In the last couple of decades, many biologists and conservationists have recognized that we can learn from Indigenous knowledge and practices. For instance, researchers at the Hakai Institute are celebrating that for millennia the Indigenous Peoples of present-day British Columbia lived in the forests without degrading them, but actually made them more productive by the way they used them. Indigenous management practices included developing clam gardens, creating perennial root gardens in estuaries, and using fire to enhance berry patches. The forests grew taller and faster from the nutrients in clam shells and fire. This is a positive trend suggesting that Indigenous knowledge and practices are being valued as something that can contribute to land and resource management.
As well, in present-day Canada, in particular British Columbia, Indigenous rights are becoming recognized. Indigenous Peoples are in the process of rebuilding their governance institutions. While the approach, challenges, and goals vary depending on the unique characteristics of each community, there are common themes that emerge in these conversations, including ensuring cultural continuity, assertion of greater decision-making authority over lands and resources, and increased social and economic autonomy.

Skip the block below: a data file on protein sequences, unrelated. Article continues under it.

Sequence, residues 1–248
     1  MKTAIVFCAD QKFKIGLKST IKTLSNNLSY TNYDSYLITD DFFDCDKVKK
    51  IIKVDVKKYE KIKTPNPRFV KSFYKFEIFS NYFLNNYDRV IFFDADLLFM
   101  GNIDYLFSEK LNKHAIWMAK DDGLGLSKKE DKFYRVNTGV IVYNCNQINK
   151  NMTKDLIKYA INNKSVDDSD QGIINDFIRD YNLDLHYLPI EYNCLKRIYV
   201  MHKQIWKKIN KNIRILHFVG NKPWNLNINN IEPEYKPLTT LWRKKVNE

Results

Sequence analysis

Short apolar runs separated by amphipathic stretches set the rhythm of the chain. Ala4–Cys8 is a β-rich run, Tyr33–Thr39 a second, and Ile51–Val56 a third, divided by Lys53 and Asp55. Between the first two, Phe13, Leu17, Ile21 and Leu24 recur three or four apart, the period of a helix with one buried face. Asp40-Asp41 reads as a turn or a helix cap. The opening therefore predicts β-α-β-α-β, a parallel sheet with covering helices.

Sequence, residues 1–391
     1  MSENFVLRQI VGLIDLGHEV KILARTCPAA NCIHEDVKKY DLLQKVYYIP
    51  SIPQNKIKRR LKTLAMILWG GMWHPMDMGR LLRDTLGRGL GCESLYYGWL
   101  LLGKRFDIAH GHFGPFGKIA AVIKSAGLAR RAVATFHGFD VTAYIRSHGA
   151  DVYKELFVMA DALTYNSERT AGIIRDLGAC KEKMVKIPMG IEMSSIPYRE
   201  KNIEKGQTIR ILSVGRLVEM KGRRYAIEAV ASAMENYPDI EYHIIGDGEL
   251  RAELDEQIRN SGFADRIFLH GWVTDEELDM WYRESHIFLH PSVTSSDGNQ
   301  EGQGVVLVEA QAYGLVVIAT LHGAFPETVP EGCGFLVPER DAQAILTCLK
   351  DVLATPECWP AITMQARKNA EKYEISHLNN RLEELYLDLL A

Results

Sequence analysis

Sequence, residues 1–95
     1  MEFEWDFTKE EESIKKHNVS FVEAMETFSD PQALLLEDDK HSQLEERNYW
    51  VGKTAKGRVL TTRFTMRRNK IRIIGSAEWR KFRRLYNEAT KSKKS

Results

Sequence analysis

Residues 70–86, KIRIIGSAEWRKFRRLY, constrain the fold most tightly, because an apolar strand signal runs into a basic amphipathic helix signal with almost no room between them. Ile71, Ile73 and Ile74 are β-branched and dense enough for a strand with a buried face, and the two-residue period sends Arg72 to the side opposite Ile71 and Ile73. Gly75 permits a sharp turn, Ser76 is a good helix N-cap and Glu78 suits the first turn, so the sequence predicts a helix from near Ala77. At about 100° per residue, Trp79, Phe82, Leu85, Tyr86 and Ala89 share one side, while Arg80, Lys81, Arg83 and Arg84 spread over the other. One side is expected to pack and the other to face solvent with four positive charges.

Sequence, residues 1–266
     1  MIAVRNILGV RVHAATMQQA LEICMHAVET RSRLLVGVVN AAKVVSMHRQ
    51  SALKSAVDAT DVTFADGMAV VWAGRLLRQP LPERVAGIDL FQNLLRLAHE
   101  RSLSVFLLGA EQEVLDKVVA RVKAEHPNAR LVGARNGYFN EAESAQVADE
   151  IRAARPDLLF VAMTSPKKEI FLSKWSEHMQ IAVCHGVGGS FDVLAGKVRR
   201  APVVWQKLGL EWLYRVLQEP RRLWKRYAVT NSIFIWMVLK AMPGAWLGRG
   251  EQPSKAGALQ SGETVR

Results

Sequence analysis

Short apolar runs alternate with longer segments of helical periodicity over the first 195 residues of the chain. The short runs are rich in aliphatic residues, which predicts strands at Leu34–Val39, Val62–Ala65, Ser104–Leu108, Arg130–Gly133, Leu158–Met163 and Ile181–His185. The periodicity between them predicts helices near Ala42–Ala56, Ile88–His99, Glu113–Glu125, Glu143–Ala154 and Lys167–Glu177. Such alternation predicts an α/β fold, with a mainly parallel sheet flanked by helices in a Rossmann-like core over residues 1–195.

A resurgence of traditional decision making is important because the Kwakwa̱ka̱’wakw are surrounded by forests and waters. Our language, stories, ceremonies, and practices are interwoven and dependent on one another. Each is important and speaks to what Kwakwa̱ka̱’wakw are responsible to on the land and in the waters. As Kwak̓wala holds our kinship structures and history, it can describe who we are as a people like no other language can. While some of this knowledge would need to be protected, so can the teachings held within the stories and ceremonies be used to inform what needs to be protected. Looking at words, stories, and ceremonies is a way to find a cultural fit that is missing in state-led “solutions” that are failing to provide permanent social and economic benefits to Indigenous Peoples living surrounded by the forests. After some time given to rebuilding governance structures and to resurgence of cultural practices, we will be able to revitalize our words, stories, and ceremonies so that they will have a much wider applicability once again.